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Recenzje krytyków
To my, a to ja
Michel Gondry Wielka Brytania, 2012
At its finest and most affecting, The We and the I is a window onto youth’s forever moments, those heavy gaps between school and home, senior year and summer, the person you are and the person you hope to be—when the future is a distant void and all the best and worst parts of life span the length of a city bus.
March 14, 2013
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There’s the constant sense that Gondry views these kids the same way he thinks of his props: just movable figures to be idiosyncratically manipulated. By the end of the ride, the movie’s messy humanity has officially calcified into After-School Special clichés; given the choice between handcrafted whimsy and heavy-handedness, we’ll take the former, thanks.
March 05, 2013
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The kids start out ensconced in specific groups based on race, culture, and personal taste, defining themselves as class clowns or tough guys or sensitive artists, but the ones who stick around longest get impelled toward singular identities as the bus empties out, the carapace of their assumed personas giving way to moments of real emotional vulnerability.
March 02, 2013
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As is to be expected, the film has a few thespian misfires; similarly, its multidimensional scope prohibits the narrative from focusing on any single character. At least, that is, until the very last scenes, at which point only a few riders remain. But the fluidity and immediacy of Gondry’s eye (and camera), and the film’s identification with a city’s youthful life force are infectious. Embedded in his subject matter, the director, in essence, has gone native.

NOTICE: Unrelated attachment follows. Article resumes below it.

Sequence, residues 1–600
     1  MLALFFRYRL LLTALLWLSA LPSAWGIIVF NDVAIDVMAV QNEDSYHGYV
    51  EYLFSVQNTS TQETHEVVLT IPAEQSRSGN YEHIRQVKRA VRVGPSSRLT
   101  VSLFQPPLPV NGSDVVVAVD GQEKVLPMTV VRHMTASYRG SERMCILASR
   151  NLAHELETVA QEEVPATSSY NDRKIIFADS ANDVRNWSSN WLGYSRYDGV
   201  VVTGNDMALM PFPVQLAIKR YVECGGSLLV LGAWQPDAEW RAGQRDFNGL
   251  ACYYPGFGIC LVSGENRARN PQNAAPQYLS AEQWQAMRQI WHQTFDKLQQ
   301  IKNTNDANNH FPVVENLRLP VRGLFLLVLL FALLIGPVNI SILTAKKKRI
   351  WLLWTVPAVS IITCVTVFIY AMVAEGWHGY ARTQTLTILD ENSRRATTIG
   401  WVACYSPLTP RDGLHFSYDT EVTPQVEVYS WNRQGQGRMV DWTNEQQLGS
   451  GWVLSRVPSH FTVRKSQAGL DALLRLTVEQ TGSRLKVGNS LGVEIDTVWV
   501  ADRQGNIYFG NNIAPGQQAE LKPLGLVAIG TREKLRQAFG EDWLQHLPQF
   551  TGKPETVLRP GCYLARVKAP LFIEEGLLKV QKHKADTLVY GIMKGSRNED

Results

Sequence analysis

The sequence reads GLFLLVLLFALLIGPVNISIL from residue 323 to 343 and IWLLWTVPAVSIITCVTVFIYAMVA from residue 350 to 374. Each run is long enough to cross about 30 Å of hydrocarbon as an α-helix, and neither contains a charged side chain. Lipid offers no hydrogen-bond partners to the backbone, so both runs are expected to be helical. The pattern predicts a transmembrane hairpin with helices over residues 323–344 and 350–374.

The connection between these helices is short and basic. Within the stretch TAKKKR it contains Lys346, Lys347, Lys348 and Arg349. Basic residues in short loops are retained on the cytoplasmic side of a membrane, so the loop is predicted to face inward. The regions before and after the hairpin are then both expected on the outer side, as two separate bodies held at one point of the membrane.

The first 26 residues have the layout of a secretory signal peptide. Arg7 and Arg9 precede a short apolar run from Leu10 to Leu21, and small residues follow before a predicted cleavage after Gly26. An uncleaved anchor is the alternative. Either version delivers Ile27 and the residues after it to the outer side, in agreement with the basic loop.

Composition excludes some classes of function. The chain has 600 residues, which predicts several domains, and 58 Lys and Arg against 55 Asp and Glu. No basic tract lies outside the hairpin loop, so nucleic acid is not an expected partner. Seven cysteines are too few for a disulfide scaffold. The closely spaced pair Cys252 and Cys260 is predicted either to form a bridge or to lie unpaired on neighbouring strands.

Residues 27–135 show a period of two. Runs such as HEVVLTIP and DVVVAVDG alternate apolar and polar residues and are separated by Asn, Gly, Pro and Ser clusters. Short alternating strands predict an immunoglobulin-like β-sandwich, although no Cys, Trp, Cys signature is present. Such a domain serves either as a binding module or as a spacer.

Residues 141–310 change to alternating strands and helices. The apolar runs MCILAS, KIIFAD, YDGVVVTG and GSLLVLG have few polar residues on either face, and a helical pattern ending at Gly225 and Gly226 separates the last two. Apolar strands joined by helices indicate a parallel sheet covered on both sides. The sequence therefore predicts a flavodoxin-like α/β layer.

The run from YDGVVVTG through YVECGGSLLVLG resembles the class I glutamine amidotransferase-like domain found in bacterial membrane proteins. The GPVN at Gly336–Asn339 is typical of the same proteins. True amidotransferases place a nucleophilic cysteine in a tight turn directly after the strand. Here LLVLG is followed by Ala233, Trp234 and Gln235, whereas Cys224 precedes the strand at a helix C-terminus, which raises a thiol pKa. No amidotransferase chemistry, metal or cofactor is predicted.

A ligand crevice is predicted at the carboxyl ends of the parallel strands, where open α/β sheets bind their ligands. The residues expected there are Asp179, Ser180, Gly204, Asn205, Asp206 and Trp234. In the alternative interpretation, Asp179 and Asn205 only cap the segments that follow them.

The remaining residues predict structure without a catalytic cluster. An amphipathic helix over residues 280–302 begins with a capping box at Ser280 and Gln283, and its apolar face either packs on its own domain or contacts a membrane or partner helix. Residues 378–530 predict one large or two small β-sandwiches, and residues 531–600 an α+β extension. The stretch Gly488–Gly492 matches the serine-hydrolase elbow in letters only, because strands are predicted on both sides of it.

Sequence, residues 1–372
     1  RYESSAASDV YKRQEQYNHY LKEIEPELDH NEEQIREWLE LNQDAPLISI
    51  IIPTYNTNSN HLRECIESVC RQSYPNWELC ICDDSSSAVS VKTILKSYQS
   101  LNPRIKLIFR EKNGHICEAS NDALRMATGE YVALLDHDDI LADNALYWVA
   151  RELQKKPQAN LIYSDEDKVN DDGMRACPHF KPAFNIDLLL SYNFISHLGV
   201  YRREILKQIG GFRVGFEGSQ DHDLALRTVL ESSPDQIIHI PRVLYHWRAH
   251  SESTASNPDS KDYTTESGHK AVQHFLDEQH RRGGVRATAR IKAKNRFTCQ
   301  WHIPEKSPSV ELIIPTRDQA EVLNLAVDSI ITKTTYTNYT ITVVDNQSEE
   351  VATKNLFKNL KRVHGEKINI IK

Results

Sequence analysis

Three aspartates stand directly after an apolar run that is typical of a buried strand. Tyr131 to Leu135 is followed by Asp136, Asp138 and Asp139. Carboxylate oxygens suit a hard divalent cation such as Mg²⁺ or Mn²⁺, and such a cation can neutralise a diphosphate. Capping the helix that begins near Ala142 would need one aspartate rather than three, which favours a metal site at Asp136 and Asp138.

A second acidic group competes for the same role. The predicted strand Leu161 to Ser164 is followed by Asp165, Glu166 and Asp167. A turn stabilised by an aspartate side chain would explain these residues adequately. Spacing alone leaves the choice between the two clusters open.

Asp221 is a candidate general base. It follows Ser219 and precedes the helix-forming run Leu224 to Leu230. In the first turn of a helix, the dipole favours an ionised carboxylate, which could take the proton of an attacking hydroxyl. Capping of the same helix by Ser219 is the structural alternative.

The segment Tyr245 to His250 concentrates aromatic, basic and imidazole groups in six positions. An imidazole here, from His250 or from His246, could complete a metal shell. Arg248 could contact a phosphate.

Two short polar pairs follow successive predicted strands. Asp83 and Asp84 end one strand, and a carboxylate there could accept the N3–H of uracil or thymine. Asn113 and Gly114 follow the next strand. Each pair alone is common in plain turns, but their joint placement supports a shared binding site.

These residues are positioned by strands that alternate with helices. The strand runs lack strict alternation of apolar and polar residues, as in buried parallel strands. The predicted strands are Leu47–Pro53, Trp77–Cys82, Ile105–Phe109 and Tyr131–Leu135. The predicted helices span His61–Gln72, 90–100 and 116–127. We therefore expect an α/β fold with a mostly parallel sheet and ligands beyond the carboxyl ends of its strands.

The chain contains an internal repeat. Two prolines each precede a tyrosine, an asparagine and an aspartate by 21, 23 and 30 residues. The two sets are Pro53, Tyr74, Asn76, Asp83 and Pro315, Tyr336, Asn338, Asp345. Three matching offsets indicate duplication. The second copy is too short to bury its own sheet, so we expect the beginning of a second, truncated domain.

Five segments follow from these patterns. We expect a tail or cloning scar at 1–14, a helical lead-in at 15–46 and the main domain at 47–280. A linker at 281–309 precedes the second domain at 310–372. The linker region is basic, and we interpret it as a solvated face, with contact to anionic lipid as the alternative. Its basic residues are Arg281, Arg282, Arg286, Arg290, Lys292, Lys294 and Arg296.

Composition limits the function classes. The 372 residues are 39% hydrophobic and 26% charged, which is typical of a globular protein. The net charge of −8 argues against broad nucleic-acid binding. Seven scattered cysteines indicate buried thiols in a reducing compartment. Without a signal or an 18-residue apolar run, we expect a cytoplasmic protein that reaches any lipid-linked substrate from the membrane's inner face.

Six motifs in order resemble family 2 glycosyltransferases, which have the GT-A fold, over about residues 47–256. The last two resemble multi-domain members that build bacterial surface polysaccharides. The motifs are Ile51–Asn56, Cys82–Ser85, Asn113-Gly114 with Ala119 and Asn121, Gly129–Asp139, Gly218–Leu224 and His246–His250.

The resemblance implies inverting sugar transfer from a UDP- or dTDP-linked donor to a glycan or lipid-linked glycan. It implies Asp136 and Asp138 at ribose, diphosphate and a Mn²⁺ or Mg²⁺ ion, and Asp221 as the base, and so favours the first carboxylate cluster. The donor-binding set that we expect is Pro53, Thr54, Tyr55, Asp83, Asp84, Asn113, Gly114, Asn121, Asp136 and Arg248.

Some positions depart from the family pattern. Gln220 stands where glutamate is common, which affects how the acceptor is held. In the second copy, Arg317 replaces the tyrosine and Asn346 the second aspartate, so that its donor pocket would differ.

March 01, 2013
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Sadly, Gondry, in the name of democracy, or liberalism, or perhaps his own sociological predilections, ceded entirely too much thematic control to these blinkered, immature kids, so the result, finally, is a film that celebrates bullying, aggression, misogyny, and general teenage assholery… As a final product, The We and the I is a depressing look at mean, unpleasant kids who, due to their underprivileged status, have been “given voice.” They didn’t do much with it.
March 01, 2013
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If the production mimics some of the handheld self-absorption of mumblecore, it is also a rejoinder (and in the context of TIFF, the anti-Frances Ha) to movies about “white people problems.” And all the more welcome.
September 18, 2012
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At feature length, it feels inordinately unfocused, and a last-minute swerve into earnest speechifying doesn’t help. Still, I’d rather see Gondry experiment with small-scale movies like this than squander his creativity on Hollywood superhero spoofs.
May 18, 2012
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